Middlesex by Jeffrey Eugenides Essay

1911 Words May 2nd, 2009 8 Pages
INTERTWINED BEGINNINGS: Middlesex is an outline of the life of Calliope Stephanides who grew to the age of fourteen believing that she was a girl with unnatural thoughts for the same sex. As puberty takes hold of her friends and classmates, both Calliope and her family begin to worry about the growing gap between her and the average teenage girl; this marks the beginning of a new life for Calliope who finds she is really a he. Under the new name, Cal, this individual struggles with identity management as he traces his transformation from female to male and the genetic condition, beginning with his paternal grandparents that caused it. “I was born twice: first, as a baby girl, on a remarkably smog less Detroit day in January of …show more content…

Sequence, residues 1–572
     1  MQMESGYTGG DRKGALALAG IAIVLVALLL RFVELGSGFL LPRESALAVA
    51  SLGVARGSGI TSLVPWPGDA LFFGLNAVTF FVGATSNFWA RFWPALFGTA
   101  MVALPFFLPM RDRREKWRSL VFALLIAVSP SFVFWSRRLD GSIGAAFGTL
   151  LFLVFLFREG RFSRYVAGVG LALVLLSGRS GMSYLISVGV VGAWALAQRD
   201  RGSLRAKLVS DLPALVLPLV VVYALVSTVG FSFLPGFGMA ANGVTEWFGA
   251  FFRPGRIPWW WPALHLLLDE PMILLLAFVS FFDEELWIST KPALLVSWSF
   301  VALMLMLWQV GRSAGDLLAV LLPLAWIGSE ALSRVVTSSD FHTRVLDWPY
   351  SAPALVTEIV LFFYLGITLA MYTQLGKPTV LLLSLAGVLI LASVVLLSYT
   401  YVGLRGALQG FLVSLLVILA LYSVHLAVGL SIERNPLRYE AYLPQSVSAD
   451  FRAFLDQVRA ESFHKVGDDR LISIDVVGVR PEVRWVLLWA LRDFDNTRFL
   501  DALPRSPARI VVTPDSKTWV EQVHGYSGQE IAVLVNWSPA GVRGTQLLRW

It is evident that the once popular thought that women are evil has been cast aside for a majority of the Greek population. However, the conversations or actions that have held symbolic significance throughout history is embedded deep within the Stephanides family and their Greek-American lifestyle. Calliope’s struggle with her gender identity from a young age may not have been entirely avoided if Dr. Philobosian would have discovered her mutation, or even if Tessie would have spoken more openly about what it means to be a women or a man. However, the understanding of Calliope’s condition could have shielded the family from shock when after fourteen years Calliope became Cal. The family could have raised the child with an open mind and let Cal’s gender come out naturally instead of by influence. After being confronted with the truth about their child, Callie's parents, Tessie and Milton, take her to New York to meet with Dr. Luce, the genetics specialist. In Dr. Luce’s study of the mutation, where he found Cal’s true sex, he states, “In speech, mannerisms, and dress, the subject manifests a feminine gender identity and role, despite a contrary chromosomal status. It is clear by this that sex of rearing, rather than genetic determinants, plays a greater role in the establishment of gender identity”. (Middlesex, p.437).

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